While many children with ADHD have 20/20 vision, they may still suffer from vision problems that affect their ability to learn.
Functional vision difficulties can produce similar symptoms to those found in ADHD (i.e. difficulty focusing in school, tendency to fidget or squirm in their seats, making careless mistakes, etc.). Other visual problems can lead to skipping lines, confusing words and word-order, etc. — making it impossible to read accurately.
Convergence of the eyes occurs when the two eyes work as a team to focus on an image for clear vision. Convergence insufficiency requires the eyes to work harder to process visual information accurately for clear vision.
It is important to note that a child can have perfect 20/20 eyesight, or wear glasses to improve near/distant vision, and still suffer with CI. Therefore, a child that presents with symptoms of ADHD should have his eyes examined to detect any signs of CI.
Vision therapy has been shown to improve the symptoms of convergence insufficiency.
Consequences of a misdiagnosis
An incorrect diagnosis of ADHD can result in serious consequences, including prescriptions of strong medications to treat ADHD (such as Ritalin or Adderall). These medications alter dopamine levels in the brain to increase focusing ability and concentration levels.
However, the side effects of these medications can include sleep disruptions, nausea, loss or increase of appetite, mood swings, and even depression. Moreover, a diagnosis of ADHD can result in stigmas and negative behaviors from peers — possibly leading to reduced self-esteem and confidence levels.
What is functional vision?
Functional vision is best understood as the set of visual skills that a person uses to gather and process visual information.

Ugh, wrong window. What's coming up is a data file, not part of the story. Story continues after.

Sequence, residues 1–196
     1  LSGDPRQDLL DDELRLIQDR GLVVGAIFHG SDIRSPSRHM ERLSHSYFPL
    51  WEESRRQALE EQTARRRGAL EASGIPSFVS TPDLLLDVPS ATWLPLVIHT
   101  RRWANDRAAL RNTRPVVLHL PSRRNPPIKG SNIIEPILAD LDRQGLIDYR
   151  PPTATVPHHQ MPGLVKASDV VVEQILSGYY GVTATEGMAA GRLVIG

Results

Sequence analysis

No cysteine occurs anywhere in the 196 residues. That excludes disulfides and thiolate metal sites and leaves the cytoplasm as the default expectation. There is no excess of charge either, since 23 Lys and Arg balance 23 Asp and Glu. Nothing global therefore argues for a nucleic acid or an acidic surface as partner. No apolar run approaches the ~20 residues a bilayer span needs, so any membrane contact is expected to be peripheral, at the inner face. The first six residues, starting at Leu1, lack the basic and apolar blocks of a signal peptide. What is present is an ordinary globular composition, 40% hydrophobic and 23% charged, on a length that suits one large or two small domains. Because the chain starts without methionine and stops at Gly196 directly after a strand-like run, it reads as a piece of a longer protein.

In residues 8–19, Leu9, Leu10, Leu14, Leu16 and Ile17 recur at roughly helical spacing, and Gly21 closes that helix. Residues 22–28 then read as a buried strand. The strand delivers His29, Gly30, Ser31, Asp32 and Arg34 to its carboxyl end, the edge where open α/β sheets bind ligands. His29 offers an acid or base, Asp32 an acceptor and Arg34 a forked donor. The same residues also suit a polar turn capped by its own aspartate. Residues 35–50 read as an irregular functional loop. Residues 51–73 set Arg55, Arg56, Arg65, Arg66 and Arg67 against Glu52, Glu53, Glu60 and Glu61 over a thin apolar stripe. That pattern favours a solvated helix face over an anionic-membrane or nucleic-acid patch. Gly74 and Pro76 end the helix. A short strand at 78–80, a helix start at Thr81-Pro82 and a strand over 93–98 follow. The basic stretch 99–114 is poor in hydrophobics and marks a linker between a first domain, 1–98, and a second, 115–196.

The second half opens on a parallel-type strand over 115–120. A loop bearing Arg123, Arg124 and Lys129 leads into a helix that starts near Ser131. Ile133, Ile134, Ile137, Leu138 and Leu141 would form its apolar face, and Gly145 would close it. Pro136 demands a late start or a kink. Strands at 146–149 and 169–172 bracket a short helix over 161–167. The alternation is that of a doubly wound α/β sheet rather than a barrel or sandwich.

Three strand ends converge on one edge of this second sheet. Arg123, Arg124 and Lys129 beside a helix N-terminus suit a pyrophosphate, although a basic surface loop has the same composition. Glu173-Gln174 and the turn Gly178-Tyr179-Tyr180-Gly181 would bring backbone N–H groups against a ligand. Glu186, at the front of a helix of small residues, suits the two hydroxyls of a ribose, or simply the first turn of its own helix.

In other words, functional vision is how your entire visual system — the eyes, the brain, and the visual pathways work together, to help you accurately interpret visual information, and interact with your environment.
Functional vision skills that are most often affected by ADHD include:
- Eye teaming
- Hand-eye coordination
- Visual perception
- Visual tracking
Signs of reduced functional vision skills
Studies show that children with a vision impairment are twice as likely to be diagnosed with ADHD as compared to their peers.
When a child has reduced functional vision skills, certain symptoms and behaviors can appear:
Difficulty paying attention in class. Regular classroom tasks become much more challenging —leading to feelings of frustration, tiredness, or an inability to sit still.
Reading below grade level. Difficulty with eye teaming and focusing can make reading difficult and uncomfortable— resulting in reading at a slower rate, or avoiding the task altogether.
Loss of concentration. Difficulty focusing on the board can cause a reduced ability to maintain concentration, and may result in ‘daydreaming’ or distracting classmates.
Rushing through school work. Reduced functional vision causes difficulty with reading and writing tasks. As a result, children may rush through their assignments, making careless mistakes in their work.
Difficulties playing sports. While playing sports, it is important that the player be able to accurately judge the position and path of the ball, and other equipment. This is difficult for children with reduced functional vision because their ability to follow a ball as it flies through the air, or assess the physical distance between players, is affected.
More symptoms of reduced functional vision skills:
- Excessive squinting
- Frequent rubbing of the eyes
- Lack of interest in reading
How can I help my child?
Schedule a functional vision assessment to determine whether your child is truly presenting with signs of ADHD, or suffering from reduced functional vision.
A proper diagnosis can facilitate your child’s academic and personal success.
Convergence Insufficiency and ADHD »